alternative measures such as electricity consumption, rail freight
                             volumes and bank lending, if one wants a true picture of economic
                             growth in China 1.
                             So let’s do precisely that. In chart 1 below I have plotted Chinese GDP
                             growth against the electricity output over the past 15 years, and an
                             interesting pattern emerges. During periods of low economic growth
                             (the Asian crisis in the late 1990s, the US recession in 2001 and the
                             global credit crisis in 2008-09), GDP grows much faster than the
                             electricity output. Conversely, during periods of strong economic growth
                             (2002-07 and 2010), GDP growth is lower than the power output.
                             Clearly the GDP numbers are massaged.

                             1   Source:

                    Authorised and Regulated in the United Kingdom by the Financial Services Authority.
        Registered in England, Partnership Number OC303480, 16 Water Lane, Richmond, TW9 1TJ, United Kingdom
                          Chart 1: Chinese GDP vs. Electricity Consumption

                          Source: Simon Hunt Services

                          Digging one level deeper reveals something rather more serious.
                          Assuming the electricity stats tell the true story, and that the GDP
                          numbers are ‘for reference only’ (remember, not my words!), China’s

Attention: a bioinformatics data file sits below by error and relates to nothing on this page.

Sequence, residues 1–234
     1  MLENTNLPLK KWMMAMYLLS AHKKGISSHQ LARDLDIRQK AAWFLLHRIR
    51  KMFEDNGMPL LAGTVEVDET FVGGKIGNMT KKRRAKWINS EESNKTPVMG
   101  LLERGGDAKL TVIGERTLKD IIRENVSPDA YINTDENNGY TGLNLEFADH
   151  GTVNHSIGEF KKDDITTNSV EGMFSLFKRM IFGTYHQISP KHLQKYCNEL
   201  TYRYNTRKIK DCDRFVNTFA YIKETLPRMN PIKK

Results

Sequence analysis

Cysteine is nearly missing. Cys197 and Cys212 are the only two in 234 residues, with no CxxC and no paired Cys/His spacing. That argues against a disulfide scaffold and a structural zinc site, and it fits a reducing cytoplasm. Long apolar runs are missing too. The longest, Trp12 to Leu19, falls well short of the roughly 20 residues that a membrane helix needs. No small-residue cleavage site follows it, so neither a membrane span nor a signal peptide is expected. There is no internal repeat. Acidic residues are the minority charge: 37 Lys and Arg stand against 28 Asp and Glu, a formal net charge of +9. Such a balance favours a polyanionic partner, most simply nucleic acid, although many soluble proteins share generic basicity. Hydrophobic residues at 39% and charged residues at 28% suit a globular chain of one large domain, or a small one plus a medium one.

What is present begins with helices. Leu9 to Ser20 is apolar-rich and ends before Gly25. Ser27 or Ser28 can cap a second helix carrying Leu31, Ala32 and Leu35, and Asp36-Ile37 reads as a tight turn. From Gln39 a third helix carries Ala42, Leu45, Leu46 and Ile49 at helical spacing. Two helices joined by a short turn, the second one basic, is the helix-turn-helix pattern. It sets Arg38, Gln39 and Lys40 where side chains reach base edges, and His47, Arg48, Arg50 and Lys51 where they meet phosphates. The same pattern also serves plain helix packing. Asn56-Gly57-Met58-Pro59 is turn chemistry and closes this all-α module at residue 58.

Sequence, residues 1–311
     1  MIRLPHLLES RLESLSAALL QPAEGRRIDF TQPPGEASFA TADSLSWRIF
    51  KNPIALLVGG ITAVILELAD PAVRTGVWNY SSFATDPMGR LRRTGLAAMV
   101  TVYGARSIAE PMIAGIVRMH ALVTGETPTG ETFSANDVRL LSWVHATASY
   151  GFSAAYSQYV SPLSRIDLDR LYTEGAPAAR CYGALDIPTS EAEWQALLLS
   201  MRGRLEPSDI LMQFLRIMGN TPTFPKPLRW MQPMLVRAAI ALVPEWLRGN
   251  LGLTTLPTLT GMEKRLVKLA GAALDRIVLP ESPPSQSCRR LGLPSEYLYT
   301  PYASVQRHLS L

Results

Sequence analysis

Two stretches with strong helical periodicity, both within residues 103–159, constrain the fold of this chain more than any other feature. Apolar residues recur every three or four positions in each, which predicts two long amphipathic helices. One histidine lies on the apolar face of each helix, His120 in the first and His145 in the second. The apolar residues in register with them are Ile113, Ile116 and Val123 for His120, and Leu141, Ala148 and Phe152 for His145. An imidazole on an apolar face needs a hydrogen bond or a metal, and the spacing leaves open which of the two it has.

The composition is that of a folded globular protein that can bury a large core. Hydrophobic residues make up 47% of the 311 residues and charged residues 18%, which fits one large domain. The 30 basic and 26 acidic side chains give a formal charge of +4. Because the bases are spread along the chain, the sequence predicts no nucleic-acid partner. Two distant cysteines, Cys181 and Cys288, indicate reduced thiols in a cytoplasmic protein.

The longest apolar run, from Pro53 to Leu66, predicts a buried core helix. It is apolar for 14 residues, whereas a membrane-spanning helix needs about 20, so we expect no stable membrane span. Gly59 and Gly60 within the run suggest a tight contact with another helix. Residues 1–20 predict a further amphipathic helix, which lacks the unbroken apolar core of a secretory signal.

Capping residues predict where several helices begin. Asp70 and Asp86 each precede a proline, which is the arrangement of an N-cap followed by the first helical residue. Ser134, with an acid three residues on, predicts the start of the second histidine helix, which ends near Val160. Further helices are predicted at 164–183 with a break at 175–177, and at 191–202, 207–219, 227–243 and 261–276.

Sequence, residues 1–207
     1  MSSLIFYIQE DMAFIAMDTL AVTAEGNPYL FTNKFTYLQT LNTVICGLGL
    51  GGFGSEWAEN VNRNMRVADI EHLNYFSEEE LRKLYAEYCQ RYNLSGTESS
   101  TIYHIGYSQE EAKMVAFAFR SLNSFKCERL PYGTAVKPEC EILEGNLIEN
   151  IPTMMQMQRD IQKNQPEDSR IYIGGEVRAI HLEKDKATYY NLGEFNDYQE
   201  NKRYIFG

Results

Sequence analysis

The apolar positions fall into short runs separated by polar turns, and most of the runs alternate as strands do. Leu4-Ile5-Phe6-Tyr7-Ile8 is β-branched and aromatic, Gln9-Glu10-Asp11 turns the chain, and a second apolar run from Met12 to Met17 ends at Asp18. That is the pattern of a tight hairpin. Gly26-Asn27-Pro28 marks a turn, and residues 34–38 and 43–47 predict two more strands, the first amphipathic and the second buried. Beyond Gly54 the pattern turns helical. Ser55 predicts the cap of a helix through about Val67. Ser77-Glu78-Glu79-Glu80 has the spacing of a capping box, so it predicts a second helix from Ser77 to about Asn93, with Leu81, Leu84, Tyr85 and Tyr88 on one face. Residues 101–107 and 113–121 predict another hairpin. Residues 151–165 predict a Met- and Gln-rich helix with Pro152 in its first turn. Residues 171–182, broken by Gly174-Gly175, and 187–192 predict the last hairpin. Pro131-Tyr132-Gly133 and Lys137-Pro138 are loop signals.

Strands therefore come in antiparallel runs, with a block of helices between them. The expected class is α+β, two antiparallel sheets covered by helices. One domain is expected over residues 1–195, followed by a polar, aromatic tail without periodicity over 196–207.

economy experienced a dramatic slowdown as 2010 progressed (see
                          table 1). Total power consumption (year on year) grew by a whopping
                          22.7% in Q1 last year but only by 5.5% in Q4. The slowdown in Q4 was
                          in fact so dramatic that the power output dropped 6.3% quarter on
                          quarter! There were some restrictions in place on the use of electricity in
                          Q3 and Q4 which did have some impact, but those restrictions were
                          dropped in November, so it cannot be the only explanation. This story is
                          largely ignored by the sell-side banks, most of whom have no interest in
                          offending their new pay masters.

                          Table 1: 2010 Chinese GDP vs. Power Output

                                                GDP     Power Output
                          1Q10               11.9%           22.7%
                          2Q10               10.3%           18.0%
                          3Q10                9.6%           11.0%
                          4Q10                9.8%            5.5%
                          Source: Simon Hunt Services

Inflation is taking off   Turning to inflation, a similar picture emerges. According to the official